Jesus said to them, “Those who are well have no need of a physician, but those who are sick. I came not to call the righteous, but sinners.” ~ Mark 2:17 (ESV)
While Jesus was traveling with a crowd, teaching them on the way, he came across the tax booth of a man named Levi (also known as Matthew). He called Levi to follow him, and immediately he left his work and did.
The scandal in this act was Levi’s occupation. Tax collectors in ancient Rome were known to make extra money for themselves through extortion. To be a Jew and a tax collector made you very unpopular, for you would be stealing from your fellow Jews in order to make a living and pay the foreign government occupying your land.
As if this weren’t enough, Levi had a party at his house for coworkers and friends, presumably so they could meet Jesus as well. The religious leaders scoffed and complained, “Why does he eat with tax collectors and sinners?” In a self-righteous manner, they would not lower themselves to dine with such people, and here was the man claiming to be the Messiah?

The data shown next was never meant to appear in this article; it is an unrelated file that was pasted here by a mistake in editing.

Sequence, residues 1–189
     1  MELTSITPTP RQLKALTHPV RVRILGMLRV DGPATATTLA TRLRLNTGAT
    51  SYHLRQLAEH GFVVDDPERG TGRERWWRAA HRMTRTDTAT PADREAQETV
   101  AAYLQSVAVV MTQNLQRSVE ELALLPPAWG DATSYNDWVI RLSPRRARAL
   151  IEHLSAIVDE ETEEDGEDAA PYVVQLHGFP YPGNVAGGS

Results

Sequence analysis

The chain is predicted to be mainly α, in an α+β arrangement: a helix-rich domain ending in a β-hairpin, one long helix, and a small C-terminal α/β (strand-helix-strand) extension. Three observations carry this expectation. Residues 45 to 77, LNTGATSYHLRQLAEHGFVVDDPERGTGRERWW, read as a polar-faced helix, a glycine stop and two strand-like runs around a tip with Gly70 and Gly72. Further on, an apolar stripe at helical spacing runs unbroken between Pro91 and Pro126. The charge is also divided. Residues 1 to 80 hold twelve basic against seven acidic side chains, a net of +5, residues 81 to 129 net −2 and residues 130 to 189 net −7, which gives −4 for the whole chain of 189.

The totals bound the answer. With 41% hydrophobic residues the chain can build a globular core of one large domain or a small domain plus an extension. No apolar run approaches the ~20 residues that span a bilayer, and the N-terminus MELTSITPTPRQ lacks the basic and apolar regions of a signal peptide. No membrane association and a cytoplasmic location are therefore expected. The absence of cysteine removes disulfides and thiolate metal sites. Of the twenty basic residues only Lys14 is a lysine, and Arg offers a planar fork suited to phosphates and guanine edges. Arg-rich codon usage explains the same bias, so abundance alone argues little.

Jesus’ reply was simple and to the point—he ate with them because they were the ones who needed him.
Often, we followers of Jesus might not have the same sour attitude of the Pharisees and Scribes (though some certainly do), but we can still isolate ourselves away from the people who Jesus came to save. Some people call this the “Christian bubble.” It is when our lives are so filled with time around other followers of Jesus that we never make time to build real relationships with those who are not followers of Jesus. We get so busy with church activities that we can forget we’re called to be ambassadors of light in the world.
On the one hand, we do need regular fellowship with other Christians. They are the ones who can help us avoid falling into the traps of sin (Hebrews 3:12-13) and they are the ones to whom we can confess our sins and find healing through prayer (James 5:16).
But we also need to build relationships with those who don’t know or follow Jesus.
We should not view them as projects. We should not yearn for their conversion as if it is another badge to wear. Rather we should see them as people made in the image of God, living in a world darkened by sin, and in need of the love of Jesus just as we are.
Their beliefs, way of life, and views of the world might be radically different than ours, but that doesn’t mean that we can’t be friends. And just maybe through that friendship the day will come where we can also call them our brothers and our sisters in Christ.
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Image taken and modified from pixabay.com